Read more: What Do Amino Acids Do for Your Body?
Possible Impact on Kidneys
Since the kidneys are so important in the regulation of the acid in the body, they are very susceptible to excess amino acids. Some amino acids may be naturally acidic while others will naturally be basic. The protein in your diet, however, will be acidic.
When you have a high-protein diet that results in high levels of amino acids in your body, your kidneys will have to work extra hard to keep the acid balance in the body at the proper level.
The body does not store extra amino acids, so if you consume too much, they will be broken down and eliminated, according to the Royal Society of Chemistry. The result is that you will have higher levels of urea and ammonia, and your kidneys will have to filter more blood.
Side Effects of Amino Acids
Arginine can cause gastrointestinal problems, such as abdominal pain, nausea, diarrhea and bloating, suggests the Mayo Clinic. Additional side effects of ingesting arginine supplements can be gout, inflammation of the airway and other allergic symptoms.
Arginine supplements can make the symptoms of asthma or allergies worse as well, so if you have either of these health conditions, use this supplement with caution. The Mayo Clinic recommends avoiding arginine for anyone who has had a heart attack. Anyone with cold sores or herpes should take it with caution as it can trigger the virus that causes these health conditions.
Your mood levels may be lower than normal with too much BCAA, which is noted in a small study of 59 healthy women ages 45 to 65 that was published in the January 2015 issue of the British Journal of Nutrition. Also, your sleep and wake cycles may be disrupted, according to a July 2015 review published in Evidence-Based Complementary and Alternative Medicine.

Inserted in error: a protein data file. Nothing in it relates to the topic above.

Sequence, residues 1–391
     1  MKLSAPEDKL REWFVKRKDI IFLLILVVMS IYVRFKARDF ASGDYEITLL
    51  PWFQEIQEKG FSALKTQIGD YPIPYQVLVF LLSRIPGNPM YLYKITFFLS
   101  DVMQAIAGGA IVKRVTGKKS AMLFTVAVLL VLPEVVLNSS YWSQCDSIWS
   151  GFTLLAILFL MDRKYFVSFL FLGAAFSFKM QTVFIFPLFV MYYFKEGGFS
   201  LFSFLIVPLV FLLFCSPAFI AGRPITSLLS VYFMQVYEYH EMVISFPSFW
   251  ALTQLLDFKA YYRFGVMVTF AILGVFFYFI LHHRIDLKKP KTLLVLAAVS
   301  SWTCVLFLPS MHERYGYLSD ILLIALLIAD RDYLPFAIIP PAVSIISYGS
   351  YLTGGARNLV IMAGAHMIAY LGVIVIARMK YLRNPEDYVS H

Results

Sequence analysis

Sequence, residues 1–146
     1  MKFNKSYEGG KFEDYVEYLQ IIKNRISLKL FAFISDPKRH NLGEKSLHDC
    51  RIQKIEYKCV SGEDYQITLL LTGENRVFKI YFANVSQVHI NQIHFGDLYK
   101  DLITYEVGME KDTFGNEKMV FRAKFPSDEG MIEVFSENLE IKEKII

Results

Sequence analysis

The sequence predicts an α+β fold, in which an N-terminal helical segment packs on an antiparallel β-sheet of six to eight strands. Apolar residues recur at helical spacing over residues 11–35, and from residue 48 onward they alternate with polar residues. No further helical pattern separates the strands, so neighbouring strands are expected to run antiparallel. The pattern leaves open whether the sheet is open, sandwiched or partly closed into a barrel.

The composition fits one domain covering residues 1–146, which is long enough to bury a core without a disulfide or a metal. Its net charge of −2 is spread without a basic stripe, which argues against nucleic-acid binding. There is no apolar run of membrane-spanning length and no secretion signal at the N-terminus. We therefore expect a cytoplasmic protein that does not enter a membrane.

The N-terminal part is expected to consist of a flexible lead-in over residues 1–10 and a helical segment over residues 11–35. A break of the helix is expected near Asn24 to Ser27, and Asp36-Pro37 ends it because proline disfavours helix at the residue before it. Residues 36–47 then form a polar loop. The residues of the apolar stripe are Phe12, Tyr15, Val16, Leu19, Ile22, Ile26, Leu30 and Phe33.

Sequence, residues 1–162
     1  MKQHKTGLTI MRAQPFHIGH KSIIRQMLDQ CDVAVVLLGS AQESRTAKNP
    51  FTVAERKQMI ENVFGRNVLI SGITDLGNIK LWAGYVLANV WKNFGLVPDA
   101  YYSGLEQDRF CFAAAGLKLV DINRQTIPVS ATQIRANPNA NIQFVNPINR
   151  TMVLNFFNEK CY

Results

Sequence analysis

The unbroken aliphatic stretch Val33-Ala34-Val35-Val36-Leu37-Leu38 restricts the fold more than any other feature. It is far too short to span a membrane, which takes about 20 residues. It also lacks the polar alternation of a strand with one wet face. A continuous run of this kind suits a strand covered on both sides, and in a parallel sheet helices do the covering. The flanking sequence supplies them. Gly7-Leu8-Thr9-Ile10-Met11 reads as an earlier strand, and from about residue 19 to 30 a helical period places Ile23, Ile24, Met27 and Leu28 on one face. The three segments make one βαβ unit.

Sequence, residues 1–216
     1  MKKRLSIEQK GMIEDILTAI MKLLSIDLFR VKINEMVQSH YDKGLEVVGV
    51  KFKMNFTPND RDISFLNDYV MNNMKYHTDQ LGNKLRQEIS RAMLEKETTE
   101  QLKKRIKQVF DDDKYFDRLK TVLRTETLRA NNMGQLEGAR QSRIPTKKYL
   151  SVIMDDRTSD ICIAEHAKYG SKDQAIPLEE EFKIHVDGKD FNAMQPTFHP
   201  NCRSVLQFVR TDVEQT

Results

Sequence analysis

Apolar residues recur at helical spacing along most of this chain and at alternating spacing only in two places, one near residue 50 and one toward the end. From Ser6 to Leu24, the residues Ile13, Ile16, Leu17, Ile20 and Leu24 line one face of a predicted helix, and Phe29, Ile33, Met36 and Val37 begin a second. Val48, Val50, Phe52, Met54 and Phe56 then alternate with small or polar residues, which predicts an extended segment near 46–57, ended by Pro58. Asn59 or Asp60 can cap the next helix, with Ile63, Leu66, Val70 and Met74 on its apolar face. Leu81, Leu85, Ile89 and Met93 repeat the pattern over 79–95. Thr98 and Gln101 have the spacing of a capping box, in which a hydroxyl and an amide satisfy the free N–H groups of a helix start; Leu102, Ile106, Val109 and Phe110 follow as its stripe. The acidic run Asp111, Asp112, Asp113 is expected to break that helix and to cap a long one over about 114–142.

According to the Harvard T.H. Chan School of Public Health, proteins raise acidity levels in the body when they are digested, which generally leads to calcium being pulled from your bones (calcium is a base and gets pulled from the bones to neutralize the acidity caused by the proteins). This may lead to weaker bones, which can lead to more serious long-term effects.
Too many amino acids flooding into your body can do more harm than good, especially depending on your pre-existing conditions. You should, therefore, seek to have a balanced diet at all times and talk to your doctor before you take amino acid supplements.
- Nutrition: "Branched-Chain Amino Acid Supplementation and Exercise-Induced Muscle Damage in Exercise Recovery: A Meta-Analysis of Randomized Clinical Trials"
- PubChem: "Phenylalanine"
- Nutrients: "Influence of Tryptophan and Serotonin on Mood and Cognition With a Possible Role of the Gut-Brain Axis"
- British Journal of Nutrition: "Chronic Treatment With a Tryptophan-Rich Protein Hydrolysate Improves Emotional Processing, Mental Energy Levels and Reaction Time in Middle-Aged Women"
- Evidence-Based Complementary and Alternative Medicine: "Updates on Nutraceutical Sleep Therapeutics and Investigational Research"
- U.S. National Library of Medicine: "Amino Acids"
- Royal Society of Chemistry: "Excretion and the Liver"
- Mayo Clinic: "L-Arginine"
- Harvard T.H. Chan School of Public Health: "Calcium: What's Best for Your Bones and Health?"
- PubChem: "Histidine"
- PubChem: "I-Isoleucine"
- PubChem: "Leucine"
- PubChem: "Methionine"
- PubChem: "Lysine"
- PubChem: "L-Threonine"
- PubChem: "Valine"